Death toll in Russian missile strike in Ukraine rises to 40 By Reuters
© Reuters. Emergency personnel work at the site where an apartment block was heavily damaged by a Russian missile strike, amid Russia’s attack on Ukraine, in Dnipro, Ukraine January 15, 2023. REUTERS/Clodagh Kilcoyne
By Herbert Villarraga and Tom Balmforth
DNIPRO/KYIV, Ukraine (Reuters) -The death toll from a Russian missile strike in the Ukrainian city of Dnipro rose to 40 on Monday with dozens more missing, making it the deadliest civilian incident of Moscow’s three-month campaign of hurling missiles at cities far from the front.
Germany’s Defence Minister Christine Lambrecht resigned on Monday after remarks over the war criticised as tone deaf, setting the stage for what is expected to be one of the most important weeks in outlining Western military support for Kyiv.
With allies due to meet on Friday at a U.S. air base in Germany to discuss military aid, Berlin is under intense pressure to allow exports of its Leopard battle tanks, which Ukraine hopes will become the backbone of a new armoured force.
Ukrainian officials acknowledged little hope of finding anyone else alive in the rubble of Saturday’s attack in Dnipro, but President Volodymyr Zelenskiy said the rescue in the central Ukrainian city would go on “as long as there is even the slightest chance to save lives”.
“Dozens of people were rescued from the rubble, including six children. We are fighting for every person!” Zelenskiy said in an overnight televised address.
Moscow denies intentionally targeting civilians in a campaign of air strikes since October that have knocked out power and water in Ukrainian cities, and says the incident in Dnipro was caused by Ukrainian air defences.
Kyiv says it has no way of shooting down the anti-ship missile it says struck an apartment building in Dnipro on Saturday during Russia’s latest volley of attacks.
At least 40 people were killed in the attack with 30 still unaccounted for, city official Gennadiy Korban said. He said 75 people were wounded including 14 children.
The German government said Chancellor Olaf Scholz had accepted the resignation of Lambrecht and would soon appoint a new defence minister to replace her.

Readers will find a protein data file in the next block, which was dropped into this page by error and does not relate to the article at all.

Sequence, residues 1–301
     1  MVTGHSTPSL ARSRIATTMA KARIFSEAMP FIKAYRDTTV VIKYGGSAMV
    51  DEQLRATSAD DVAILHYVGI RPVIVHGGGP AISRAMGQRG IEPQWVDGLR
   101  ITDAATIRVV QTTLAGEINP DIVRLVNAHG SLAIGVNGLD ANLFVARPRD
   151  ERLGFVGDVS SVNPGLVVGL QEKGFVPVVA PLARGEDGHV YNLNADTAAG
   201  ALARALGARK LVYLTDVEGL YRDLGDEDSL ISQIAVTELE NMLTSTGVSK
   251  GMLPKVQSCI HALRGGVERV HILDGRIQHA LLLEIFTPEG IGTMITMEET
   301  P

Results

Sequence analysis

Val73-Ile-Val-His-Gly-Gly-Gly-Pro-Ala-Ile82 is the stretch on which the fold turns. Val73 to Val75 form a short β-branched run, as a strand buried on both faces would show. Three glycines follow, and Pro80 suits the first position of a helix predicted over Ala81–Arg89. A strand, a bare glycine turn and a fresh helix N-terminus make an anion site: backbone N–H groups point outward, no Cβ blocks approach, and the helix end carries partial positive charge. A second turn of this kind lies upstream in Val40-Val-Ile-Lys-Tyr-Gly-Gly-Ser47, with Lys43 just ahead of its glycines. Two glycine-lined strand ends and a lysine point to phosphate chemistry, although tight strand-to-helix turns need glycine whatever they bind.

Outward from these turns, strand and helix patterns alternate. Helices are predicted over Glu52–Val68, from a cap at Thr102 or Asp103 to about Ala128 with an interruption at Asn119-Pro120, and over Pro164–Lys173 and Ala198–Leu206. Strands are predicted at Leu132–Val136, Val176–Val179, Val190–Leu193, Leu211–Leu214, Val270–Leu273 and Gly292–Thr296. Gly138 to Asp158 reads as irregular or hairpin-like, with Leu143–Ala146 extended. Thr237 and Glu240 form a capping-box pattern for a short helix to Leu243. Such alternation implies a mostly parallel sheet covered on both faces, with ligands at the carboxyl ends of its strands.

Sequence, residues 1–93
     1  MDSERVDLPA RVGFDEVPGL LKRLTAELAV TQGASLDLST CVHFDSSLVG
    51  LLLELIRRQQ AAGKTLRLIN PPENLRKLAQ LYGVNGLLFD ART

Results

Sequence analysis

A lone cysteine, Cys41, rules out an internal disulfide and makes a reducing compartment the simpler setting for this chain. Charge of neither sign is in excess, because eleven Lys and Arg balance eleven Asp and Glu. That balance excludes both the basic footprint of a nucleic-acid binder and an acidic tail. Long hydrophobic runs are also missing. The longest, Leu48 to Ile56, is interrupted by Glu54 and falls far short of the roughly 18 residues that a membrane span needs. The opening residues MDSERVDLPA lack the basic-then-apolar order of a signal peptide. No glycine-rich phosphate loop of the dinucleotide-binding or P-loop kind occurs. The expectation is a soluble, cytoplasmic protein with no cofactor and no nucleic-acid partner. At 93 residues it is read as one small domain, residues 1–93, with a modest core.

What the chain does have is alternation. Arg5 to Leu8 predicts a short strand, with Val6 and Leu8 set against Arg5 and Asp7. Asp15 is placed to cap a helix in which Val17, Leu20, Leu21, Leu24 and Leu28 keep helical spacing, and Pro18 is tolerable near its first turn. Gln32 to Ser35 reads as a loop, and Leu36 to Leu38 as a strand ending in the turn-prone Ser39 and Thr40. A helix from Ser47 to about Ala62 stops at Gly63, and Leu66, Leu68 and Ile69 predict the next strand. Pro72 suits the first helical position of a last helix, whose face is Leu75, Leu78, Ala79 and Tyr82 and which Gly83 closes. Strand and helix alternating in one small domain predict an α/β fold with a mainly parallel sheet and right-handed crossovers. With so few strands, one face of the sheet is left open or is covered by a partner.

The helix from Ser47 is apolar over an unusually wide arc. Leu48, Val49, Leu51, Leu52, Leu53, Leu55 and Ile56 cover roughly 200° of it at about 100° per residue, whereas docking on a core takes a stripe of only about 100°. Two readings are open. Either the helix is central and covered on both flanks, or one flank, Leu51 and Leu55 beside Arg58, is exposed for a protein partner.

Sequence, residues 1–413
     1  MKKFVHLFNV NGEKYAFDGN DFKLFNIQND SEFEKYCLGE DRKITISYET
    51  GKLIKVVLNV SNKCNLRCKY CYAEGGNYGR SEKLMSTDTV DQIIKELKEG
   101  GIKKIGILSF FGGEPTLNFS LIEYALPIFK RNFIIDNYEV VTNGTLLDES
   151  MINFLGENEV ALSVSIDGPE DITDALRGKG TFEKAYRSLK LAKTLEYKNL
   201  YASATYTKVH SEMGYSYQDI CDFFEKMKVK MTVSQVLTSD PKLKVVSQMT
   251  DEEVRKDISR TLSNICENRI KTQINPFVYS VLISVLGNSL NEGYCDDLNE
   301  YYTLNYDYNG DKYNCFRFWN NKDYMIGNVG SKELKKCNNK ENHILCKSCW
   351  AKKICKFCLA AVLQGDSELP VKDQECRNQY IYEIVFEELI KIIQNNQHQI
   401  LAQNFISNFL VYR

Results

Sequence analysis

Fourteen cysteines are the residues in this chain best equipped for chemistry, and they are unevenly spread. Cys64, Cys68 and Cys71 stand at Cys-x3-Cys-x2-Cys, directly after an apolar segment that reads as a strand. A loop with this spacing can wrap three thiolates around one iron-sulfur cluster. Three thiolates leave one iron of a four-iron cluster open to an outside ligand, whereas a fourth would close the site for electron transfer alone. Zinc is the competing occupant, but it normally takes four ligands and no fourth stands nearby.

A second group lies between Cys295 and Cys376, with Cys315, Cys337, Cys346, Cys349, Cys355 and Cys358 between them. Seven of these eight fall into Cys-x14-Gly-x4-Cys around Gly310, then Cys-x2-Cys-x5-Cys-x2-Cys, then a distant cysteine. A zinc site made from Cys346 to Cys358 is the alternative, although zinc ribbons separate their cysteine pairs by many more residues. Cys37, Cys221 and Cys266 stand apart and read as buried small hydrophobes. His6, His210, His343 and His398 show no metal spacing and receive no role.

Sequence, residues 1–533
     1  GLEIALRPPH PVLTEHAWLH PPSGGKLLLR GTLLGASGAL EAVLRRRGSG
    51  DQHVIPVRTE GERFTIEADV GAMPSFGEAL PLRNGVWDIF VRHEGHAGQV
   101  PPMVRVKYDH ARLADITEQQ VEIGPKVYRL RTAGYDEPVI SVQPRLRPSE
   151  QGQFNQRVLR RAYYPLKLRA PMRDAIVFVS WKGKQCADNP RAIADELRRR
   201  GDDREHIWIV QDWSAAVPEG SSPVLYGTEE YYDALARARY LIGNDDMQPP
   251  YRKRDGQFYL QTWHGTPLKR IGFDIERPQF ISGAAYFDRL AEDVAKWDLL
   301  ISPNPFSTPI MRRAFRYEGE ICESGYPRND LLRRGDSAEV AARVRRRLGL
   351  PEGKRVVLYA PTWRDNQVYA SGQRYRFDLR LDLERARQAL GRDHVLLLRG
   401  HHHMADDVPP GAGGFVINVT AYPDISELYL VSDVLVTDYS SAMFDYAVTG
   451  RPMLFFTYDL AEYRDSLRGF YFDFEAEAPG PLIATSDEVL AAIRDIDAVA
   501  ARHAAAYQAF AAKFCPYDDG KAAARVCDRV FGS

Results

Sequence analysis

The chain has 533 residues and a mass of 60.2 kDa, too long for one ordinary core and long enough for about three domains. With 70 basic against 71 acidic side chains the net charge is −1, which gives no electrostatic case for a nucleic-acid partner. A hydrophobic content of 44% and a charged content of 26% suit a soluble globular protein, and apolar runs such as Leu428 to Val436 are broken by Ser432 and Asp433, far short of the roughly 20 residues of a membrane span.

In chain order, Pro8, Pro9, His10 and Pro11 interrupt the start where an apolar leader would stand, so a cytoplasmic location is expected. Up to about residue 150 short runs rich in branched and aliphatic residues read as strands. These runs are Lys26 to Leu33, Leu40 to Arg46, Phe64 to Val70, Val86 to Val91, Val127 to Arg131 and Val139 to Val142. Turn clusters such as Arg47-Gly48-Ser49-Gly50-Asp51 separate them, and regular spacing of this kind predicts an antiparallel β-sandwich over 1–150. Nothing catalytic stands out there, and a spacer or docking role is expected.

Her exit comes just three days before she was due to host her U.S. counterpart, Defense Secretary Lloyd Austin, and four days before allies gather at Ramstein air base in Germany for the next meeting to coordinate military support for Kyiv.
Lambrecht had been criticised in recent days for tone deafness after an upbeat New Year’s Eve message filmed in front of fireworks, in which she spoke of the opportunities she had to meet “interesting, great people” as a result of the Ukraine war.
The coming week is expected to see intense diplomacy to secure additional weapons for Kyiv, with the focus on Germany’s reluctance so far to supply tanks or let its allies send them.
France, the United States and Germany have all pledged armoured fighting vehicles this month, but Western countries had so far stopped short of offering main battle tanks. Britain broke that taboo over the weekend by offering a squadron of Challengers.
Moscow has accused the West of escalating the conflict, although Russia also says the supply of tanks would not affect the course of the war. The British tanks “will burn like the rest”, Kremlin spokesman Dmitry Peskov said on Monday.
Eastern and central European NATO allies mainly rely on German-built Leopards, seen as the Western tanks most suited to forming the core of a new Ukrainian armoured force. Poland and Finland said last week they would like to send them, but that requires Berlin’s permission.
Ukrainian forces recaptured swathes of territory during the second half of 2022. But the front lines have largely been frozen in place for the past two months, despite intense fighting in which both sides are believed to have taken heavy losses. Kyiv says new Western armour would break the stalemate, giving its forces the capability to break through Russian defensive lines.
Moscow claimed to have captured the eastern salt-mining town of Soledar last week, in what would be its biggest battlefield success since last August. Kyiv says it still has some presence in the town and fighting continues.
“Put simply, THE BATTLE CONTINUES,” Deputy Defence Minister Hanna Maliar said on the Telegram messaging app. “Everything else is unverified information.”
Ukraine’s Western allies say the fight for Soledar, with a pre-war population of barely 10,000, is unlikely to have much wider impact, except insofar as the huge losses there could sap manpower both sides need for decisive battles that lie ahead.
Ukraine has been warning that Moscow could be planning a new assault in coming weeks, including from close ally Belarus, which has allowed Russia to use its territory as a staging ground but has so far resisted joining the war directly.
Russia and Belarus began joint military aviation exercises on Monday. Minsk said the drills are defensive and it will not enter the war.
“We’re maintaining restraint and patience, keeping our gunpowder dry,” said Pavel Muraveyko, first deputy state secretary of Belarusian Security Council, according to a post on the Belarusian defence ministry’s Telegram app on Sunday.